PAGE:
• For-profit colleges have skyrocketed their recruitment of veterans and military students, increasing by more than 200 percent in just one year.
  • Eight of the 10 schools receiving the most G.I. Bill dollars are now for-profit colleges. The University of Phoenix alone took in more than $200 million in the two most recent years for which government data is available.
  • Those eight for-profit colleges take in $1 billion dollars in G.I. Bill funds, but almost half of veterans dropped out within the first year.
  • For-profit colleges cost taxpayers twice the tuition of public colleges and universities
  • For-profit schools collected more than one-third of all G.I. Bill funds, but trained only 25 percent of veterans, while public colleges and universities received only 40 percent of G.I. Bill benefits but trained 59 percent of veterans.
  • While public universities and non-profit colleges sink the vast majority of their funds into educating students, for-profit colleges set aside very little to education – only 17 percent on average. The rest goes to profit (20 percent, on average), to TV ads and call centers to recruit more students (also more than 20 percent, on average) and to CEO salaries of, on average, $8 to 9 million per year, but with some making up to $20 and $40 million dollars (compared to the non-profit college president’s average of less than $400,000).

Source: Wofford, Carrie. “This Veterans Day, Help a Vet Avoid a GI Bill Scam.” USNews.11 Nov. 2013. Web. 10 Feb. 2014.

A Brief Overview of the Complaint System

We’ve discussed why this new complaint system is such a great step in the right direction. Now, let’s take a brief look at its features and the types of issues it will address.


  • The system will collect feedback from Veterans, Servicemembers and their families who are experiencing problems with educational institutions receiving funding from federal military and veterans educational benefits programs, including the Post-9/11 GI Bill and the DOD Military Tuition Assistance Program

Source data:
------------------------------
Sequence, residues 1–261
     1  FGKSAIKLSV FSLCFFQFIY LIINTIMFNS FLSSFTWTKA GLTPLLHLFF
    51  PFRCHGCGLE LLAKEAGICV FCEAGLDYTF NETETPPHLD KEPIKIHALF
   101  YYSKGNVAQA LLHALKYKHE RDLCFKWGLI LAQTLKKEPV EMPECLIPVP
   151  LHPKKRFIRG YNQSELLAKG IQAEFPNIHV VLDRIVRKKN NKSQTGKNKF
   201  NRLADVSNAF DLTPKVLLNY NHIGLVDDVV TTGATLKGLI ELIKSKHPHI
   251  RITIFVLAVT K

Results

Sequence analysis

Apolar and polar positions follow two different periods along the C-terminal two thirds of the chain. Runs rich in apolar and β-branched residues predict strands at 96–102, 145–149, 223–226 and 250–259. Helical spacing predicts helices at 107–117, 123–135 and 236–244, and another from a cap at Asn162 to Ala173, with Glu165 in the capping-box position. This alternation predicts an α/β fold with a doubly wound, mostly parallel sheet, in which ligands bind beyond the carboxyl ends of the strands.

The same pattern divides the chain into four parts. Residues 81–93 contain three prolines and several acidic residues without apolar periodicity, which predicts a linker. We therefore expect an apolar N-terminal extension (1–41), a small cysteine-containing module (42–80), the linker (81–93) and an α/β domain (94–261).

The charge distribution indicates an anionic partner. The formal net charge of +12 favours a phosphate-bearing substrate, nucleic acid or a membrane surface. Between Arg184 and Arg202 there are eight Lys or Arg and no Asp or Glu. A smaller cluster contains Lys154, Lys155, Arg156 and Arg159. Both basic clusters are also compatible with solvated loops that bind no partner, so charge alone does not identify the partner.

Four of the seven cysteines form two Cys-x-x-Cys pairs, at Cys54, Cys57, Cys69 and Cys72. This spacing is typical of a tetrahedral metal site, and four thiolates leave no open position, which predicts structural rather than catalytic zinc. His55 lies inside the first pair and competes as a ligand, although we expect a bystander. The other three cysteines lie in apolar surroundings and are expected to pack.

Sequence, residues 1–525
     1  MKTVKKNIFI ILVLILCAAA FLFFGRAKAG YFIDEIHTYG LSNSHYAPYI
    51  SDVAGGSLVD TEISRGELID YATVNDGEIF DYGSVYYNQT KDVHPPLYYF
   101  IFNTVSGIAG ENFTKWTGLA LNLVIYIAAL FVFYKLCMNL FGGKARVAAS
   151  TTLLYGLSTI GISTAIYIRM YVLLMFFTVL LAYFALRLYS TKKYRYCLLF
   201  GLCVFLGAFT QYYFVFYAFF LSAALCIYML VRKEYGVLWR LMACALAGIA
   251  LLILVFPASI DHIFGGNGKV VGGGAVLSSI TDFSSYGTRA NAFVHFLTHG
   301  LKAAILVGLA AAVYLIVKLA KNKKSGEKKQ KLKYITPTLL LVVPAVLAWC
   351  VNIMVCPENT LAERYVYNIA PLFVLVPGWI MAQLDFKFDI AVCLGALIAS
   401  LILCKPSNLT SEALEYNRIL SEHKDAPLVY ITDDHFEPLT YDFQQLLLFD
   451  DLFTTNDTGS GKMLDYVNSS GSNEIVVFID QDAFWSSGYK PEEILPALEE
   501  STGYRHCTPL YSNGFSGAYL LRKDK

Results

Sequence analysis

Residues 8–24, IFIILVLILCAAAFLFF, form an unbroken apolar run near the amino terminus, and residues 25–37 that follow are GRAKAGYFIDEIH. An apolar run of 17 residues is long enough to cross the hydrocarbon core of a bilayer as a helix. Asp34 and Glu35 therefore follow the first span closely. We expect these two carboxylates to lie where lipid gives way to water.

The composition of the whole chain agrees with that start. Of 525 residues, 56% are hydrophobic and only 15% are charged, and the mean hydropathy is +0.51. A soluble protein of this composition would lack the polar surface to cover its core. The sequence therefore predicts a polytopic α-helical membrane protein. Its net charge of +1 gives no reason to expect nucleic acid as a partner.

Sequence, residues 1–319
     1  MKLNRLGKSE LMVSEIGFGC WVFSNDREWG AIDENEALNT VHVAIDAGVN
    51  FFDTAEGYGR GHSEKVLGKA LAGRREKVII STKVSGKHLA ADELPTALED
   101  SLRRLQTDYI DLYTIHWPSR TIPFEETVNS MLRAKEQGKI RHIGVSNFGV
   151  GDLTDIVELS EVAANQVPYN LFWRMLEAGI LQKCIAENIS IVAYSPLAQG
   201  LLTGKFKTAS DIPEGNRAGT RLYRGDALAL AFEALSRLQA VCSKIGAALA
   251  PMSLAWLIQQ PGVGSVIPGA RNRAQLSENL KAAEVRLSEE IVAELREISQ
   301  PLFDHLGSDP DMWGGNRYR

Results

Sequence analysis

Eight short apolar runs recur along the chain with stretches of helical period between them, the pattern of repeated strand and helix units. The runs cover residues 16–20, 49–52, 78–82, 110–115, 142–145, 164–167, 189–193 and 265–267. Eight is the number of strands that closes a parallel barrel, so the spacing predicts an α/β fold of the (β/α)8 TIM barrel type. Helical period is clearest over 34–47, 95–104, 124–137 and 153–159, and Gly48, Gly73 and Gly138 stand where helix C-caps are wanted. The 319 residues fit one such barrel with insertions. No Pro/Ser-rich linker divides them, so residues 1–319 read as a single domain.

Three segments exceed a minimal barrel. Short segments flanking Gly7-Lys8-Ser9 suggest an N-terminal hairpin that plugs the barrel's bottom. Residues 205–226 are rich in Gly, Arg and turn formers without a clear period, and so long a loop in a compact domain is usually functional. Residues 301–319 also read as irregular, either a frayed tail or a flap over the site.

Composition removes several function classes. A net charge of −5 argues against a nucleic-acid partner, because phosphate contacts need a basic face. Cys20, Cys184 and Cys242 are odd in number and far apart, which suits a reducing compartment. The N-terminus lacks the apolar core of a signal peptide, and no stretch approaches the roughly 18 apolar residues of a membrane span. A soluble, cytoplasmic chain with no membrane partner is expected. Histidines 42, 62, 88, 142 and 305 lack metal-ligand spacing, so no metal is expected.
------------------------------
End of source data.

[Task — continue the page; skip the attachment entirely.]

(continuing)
• Provides two 1,000 character text fields (essentially enough for one-two paragraph submissions); one to collect feedback on the issue itself, and another to ask what the individual believes would be a fair resolution
  • A page for collecting the school’s information (which can be automatically filled using the built-in university/employer search feature)
  • A page to collect the complainant’s information (or an individual may leave anonymous feedback)

The following complaint types will be reviewed:

Recruiting/Marketing Practices Quality of Education
Accreditation Grade Policy
Financial Issues (e.g. Tuition/Fee charges) Release of transcripts
Student Loans Transfer of Credits
Post-Graduation Job Opportunities Refund Issues
Change in Degree Plan/Requirements Other

At initial glance, it looks like a simple, well-built app for submitting feedback. Visit the VA’s webpage for more information about the system and the process for responding to complaints.

Note: We experienced difficulty accessing the complaint system using Firefox as a web browser. Try Internet Explorer or Chrome instead!

What Hopes to See as a Result of the New Feedback Form

The feedback system is a great first step in bringing accountability to the higher education experience for military/Veterans. Now, we will all be looking to the Department of Veterans Affairs and other federal agencies to work expediently to collect, respond to, and resolve the problems our student Veterans face. Given the VA’s poor history of responding to backlogged disability claims, what concerns our team is the lack of a timeline for addressing the complaints submitted through this new tool. However, we hope that the VA and supporting agencies will develop procedures to quickly resolve complaints and that they will also share a summary of the data regarding incoming complaints so that the public may gain a better understanding of the present state of higher education institutions and their relationships with military/Veterans. Finally, we hope this new tool will prompt all educational programs to reflect on the programs and services they offer to support military/Veterans and take the opportunity to work with their students, alumni and the community-at-large to solicit feedback and suggestions for improvement. Ultimately, the best method to influence successful outcomes for students is by working proactively to ensure needs are met before problems arise and lead to complaints. encourages all educational institutions to be engaged in helping our military/Veterans make successful transitions to higher education, and stands ready to assist colleges in building supportive programs and services. Contact us to learn more about our services.